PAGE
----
When I asked several ruby developers what they thought I should use for hosting rails apps, Everyone agreed that I should try Heroku. My first thought was “hero”…. what? So I jumped on my laptop and started doing some research. Heroku is cloud computing platform for Ruby.
Heroku is to Ruby what Azure is to .NET
Heroku is a ruby cloud platform that has a lot of similarities to Windows Azure.*
To start with, the concept of Windows Azure is to have it act as a ginormous server that is infinitely scalable and the only thing you worry about is adding processors. You don’t need to worry about multiple servers, sharding, load balancing or all that other stuff since it is all handled for you. Similar to how Windows on the desktop helps you do stuff without worrying about the underlying hardware.
Heroku is fairly similar in how they want you to see hosting, managing, and running your websites “in the cloud”. Heroku is a cloud platform for running ruby based apps. Like a lot of other cloud services, you can pay for compute time, bandwidth, storage and many other services. The team at Heroku has taken a lot of time to make sure you have everything you need to run your application as easily as possible.
Heroku is built on top of Amazon EC2 services, and provides a well managed and easy to understand user interface. They have solved the management problem that comes with running on the EC2 stack.
Heroku Takes Care of Your Ruby Needs
The base Heroku hosting plan comes with a free 5 MB database. If you desire, you can purchase CouchDB, MongoDB, or Amazon RDS for your data storage needs, on top of the free 5 MB database, which you can expand. They also offer indexing and mail services as well as others. They are really trying hard to setup an environment that you might setup on a dedicated box.
Heroku runs on a “Free until you are successful” model. This is actually a great model since a lot of rubyists and rails developers like to create OSS software. This gives small projects a little time to get started before they have to start paying. If those free projects even get that big.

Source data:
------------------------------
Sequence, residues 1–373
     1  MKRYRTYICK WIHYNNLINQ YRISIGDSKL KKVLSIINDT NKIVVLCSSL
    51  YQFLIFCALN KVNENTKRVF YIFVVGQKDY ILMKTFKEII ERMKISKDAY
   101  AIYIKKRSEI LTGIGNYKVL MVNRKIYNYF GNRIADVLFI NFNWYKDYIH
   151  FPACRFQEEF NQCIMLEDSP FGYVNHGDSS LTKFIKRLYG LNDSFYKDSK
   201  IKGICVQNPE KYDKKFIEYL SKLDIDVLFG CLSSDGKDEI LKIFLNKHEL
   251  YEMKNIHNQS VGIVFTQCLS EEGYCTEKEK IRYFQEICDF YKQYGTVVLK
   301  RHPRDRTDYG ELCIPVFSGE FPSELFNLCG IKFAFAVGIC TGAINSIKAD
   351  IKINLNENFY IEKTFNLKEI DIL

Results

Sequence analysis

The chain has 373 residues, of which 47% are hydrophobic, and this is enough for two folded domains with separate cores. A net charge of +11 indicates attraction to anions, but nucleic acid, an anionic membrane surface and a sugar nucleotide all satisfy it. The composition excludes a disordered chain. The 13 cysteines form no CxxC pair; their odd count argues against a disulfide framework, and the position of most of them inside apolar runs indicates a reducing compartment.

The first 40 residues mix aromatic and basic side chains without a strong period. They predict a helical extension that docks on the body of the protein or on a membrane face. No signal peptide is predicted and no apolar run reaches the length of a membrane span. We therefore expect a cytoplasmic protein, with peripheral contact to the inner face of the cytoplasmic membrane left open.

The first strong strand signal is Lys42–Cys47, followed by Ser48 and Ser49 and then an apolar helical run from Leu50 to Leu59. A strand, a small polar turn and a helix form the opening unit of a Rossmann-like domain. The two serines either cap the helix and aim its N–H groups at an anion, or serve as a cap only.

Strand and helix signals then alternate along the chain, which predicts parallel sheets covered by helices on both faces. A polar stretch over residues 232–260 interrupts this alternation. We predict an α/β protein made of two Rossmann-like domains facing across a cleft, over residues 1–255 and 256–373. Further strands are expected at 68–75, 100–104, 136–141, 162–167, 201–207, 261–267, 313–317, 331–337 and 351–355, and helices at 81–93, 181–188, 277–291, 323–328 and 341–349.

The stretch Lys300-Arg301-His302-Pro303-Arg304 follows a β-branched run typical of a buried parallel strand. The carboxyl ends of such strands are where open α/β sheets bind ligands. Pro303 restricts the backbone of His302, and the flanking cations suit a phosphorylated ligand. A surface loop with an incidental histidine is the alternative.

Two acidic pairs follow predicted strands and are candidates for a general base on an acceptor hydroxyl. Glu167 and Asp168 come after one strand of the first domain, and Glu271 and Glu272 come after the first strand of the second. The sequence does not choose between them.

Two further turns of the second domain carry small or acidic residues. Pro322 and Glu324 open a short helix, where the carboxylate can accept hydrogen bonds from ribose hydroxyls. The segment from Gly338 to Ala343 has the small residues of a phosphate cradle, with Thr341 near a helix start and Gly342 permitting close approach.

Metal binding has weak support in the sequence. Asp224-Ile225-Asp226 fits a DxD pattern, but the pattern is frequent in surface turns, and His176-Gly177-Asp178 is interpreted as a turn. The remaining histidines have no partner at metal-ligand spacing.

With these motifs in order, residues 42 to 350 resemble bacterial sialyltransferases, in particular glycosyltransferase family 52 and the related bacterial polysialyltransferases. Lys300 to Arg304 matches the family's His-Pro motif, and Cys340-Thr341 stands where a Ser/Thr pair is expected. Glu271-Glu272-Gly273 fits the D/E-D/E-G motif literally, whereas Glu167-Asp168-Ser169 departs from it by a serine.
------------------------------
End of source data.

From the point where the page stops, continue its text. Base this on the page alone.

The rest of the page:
Managing Your Stuff
The primary way to manage your applications is via the command line using the Heroku gem. This is a very feature rich gem designed to make management easy. It is also very well documented so no guessing as to what you need to do where.
Current Rails 3 Support
YES! (but you have to change the hosting stack) The documentation is very good and easy to understand so doing this isn’t too much trouble.
From what I have seen of Heroku so far I think it is a good fit for the ruby world and is a very good option for doing your hosting. I think in the future I will run my Rails apps on Heroku when it fits the need. I like the idea of the cloud and I feel that it is going to become even more ingrained into more of the technology we use so as a developer we need to use it too.
*Azure and Heroku have some similarities, but are much more than what I talk about in this post. Also Azure isn’t strictly .NET you can run Rails, PHP, Perl and any thing else that runs normally on windows.
**Also if anyone knows the origins of the name I would appreciate a telling of it or a link to it. I also study Japanese and the site is littered with Japanese things. The name even can be Japanese, but I can’t find any reference to the world in Japanese. Am highly curios about the origins of the name. If you want to read my blog about the Japanese Language and Culture please visit Japan Gaku.com